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History: Computer access

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  • 1840 (June 20) - Samuel F. B. Morse, receives a patent for the telegraph and a method for conveying messages over it. He developed a code of dots and dashes to represent each letter. Today, some people with disabilities use one or two switches and “Morse code” to type on a computer. [1] [2]
  • 1888 (September 8) - Oberlin Smith publishes his discovery of magnetic recording in Electrical World magazine. Prior to magnetic recording, Thomas Edison had been working with recording using grooves in tinfoil. Magnetic recording is the basis of audio, video and computer recording devices today.[3]

  • 1952 (May 7) - The integrated circuit, the basis for all modern computers, is first published by Geoffrey W.A. Dummer.
  • 1992 (October 8) - Intellitools, Inc. files a patent for the IntelliKeys keyboard. It is unique in that the keyboard automatically detects the key overlay that is inserted and responds appropriately, reducing setup time and user training.[5]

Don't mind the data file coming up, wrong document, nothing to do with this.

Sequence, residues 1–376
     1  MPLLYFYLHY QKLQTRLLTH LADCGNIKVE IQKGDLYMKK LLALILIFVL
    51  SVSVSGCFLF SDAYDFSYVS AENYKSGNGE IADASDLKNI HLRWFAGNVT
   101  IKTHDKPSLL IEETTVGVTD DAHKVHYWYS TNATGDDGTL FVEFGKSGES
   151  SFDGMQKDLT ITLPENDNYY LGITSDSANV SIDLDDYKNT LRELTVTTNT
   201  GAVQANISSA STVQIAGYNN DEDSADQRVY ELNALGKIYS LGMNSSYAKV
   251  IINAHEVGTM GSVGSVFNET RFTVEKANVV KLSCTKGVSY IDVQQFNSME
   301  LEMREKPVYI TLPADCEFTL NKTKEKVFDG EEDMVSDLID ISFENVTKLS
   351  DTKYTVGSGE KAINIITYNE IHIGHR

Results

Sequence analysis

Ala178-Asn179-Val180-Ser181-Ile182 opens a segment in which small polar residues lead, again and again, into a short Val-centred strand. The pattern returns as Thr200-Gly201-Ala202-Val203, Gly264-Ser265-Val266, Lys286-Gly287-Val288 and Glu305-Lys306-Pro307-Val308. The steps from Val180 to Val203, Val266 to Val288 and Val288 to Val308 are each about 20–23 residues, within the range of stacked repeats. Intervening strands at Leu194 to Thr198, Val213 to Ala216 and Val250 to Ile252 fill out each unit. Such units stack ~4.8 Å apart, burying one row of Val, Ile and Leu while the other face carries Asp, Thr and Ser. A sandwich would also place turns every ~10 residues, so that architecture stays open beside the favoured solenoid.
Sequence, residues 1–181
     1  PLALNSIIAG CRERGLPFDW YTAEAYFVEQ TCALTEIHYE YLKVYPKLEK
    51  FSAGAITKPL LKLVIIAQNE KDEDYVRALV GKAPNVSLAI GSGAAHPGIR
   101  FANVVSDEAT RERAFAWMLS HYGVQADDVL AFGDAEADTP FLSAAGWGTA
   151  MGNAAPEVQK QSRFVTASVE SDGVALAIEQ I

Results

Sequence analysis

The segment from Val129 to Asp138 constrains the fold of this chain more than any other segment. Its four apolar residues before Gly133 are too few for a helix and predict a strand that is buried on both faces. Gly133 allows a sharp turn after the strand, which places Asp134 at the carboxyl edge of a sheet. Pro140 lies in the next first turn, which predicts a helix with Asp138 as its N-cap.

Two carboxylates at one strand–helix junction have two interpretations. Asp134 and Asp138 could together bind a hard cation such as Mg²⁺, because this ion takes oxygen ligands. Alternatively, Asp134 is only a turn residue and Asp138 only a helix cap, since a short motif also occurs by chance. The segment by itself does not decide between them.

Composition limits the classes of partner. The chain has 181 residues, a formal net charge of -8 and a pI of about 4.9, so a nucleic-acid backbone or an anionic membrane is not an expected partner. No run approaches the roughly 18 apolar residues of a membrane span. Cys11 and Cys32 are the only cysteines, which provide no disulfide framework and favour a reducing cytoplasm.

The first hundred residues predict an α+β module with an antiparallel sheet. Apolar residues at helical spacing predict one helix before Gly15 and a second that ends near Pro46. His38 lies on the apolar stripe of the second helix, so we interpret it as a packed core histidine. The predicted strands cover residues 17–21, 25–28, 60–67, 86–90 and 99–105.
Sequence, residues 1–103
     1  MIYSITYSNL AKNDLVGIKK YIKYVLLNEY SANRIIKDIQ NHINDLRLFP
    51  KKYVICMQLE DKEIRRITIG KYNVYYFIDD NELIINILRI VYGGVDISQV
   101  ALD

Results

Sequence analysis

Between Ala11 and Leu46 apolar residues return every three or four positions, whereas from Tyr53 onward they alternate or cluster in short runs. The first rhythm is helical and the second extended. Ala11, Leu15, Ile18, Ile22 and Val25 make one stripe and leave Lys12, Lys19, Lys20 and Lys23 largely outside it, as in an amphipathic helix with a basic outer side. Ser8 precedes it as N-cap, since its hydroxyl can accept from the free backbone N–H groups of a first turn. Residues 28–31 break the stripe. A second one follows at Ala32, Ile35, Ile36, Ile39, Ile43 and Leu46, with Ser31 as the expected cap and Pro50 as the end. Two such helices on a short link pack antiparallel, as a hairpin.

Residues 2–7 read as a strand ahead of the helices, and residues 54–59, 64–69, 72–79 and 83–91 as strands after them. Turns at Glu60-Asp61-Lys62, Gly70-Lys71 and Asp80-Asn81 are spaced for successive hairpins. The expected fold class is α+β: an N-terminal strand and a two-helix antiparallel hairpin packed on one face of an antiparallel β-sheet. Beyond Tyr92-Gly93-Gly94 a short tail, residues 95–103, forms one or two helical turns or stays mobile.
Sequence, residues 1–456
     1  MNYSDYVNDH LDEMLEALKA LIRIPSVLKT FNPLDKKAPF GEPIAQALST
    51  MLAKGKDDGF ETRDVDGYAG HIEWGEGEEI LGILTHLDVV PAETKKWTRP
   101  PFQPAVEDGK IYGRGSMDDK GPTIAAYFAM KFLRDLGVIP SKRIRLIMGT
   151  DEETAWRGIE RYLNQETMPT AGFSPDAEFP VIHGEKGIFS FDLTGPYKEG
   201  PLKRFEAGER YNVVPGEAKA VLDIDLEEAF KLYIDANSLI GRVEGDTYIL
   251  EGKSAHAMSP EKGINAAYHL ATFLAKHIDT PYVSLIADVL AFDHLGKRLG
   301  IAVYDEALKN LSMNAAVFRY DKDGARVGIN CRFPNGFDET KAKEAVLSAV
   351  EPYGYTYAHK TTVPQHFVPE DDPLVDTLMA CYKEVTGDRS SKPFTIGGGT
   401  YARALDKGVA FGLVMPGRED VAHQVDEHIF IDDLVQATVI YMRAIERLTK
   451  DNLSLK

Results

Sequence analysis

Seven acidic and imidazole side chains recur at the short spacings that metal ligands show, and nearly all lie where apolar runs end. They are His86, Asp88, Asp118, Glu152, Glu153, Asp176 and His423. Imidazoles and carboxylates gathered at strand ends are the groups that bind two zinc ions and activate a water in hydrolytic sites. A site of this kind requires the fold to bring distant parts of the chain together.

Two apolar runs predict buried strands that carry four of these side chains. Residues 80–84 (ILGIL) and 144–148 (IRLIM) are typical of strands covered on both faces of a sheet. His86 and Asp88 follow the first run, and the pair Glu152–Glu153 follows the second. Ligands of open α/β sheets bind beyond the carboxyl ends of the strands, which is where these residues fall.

• 1999 (March 26) - The Voice Browser Working Group was first established by the World Wide Web Consortium.[6]

  • 2007 (June 19) - Voice Extensible Markup Language (VoiceXML) 2.1 becomes an official W3C recommendation.[7]
  • 2008 (February 18) -, a site for accessible gaming on Mac OS X, is launched . AssistiveWare launched which featured articles about general gaming topics, reviews discussing individual games, and short descriptions of games with a special focus on their accessibility.[8]


  1. Samuel F. B. Morse. Locust Grove, the Samuel Morse historic site. Accessed March 13, 2008.
  2. Improvement of the Mode of Communicating Information by Signals by the Application of Electro-Magnetism. U.S. Patent #1647. June 20, 1840.
  3. "Oberlin Smith und die Entdeckung der magnetischen Tonaufnahme." Magnetband Museum. Dipl. Ing. G. Redlich. 2007. Accessed on March 13, 2008.
  4. CAP Timeline & History Computer/Electronic Accommodations Program. Accessed on February 5, 2008.
  5. Membrane Computer Keyboard and Method U.S. Patent #5,450,078. September 12, 1995.
  6. "'Voice Browser' Activity." World Wide Web Consortium. March 24, 2008. Accessed on April 28, 2008.
  7. "Voice Extensible Markup Language (VoiceXML) 2.1." World Wide Web Consortium. June 19, 2007. Accessed on April 28, 2008.
  8. [1]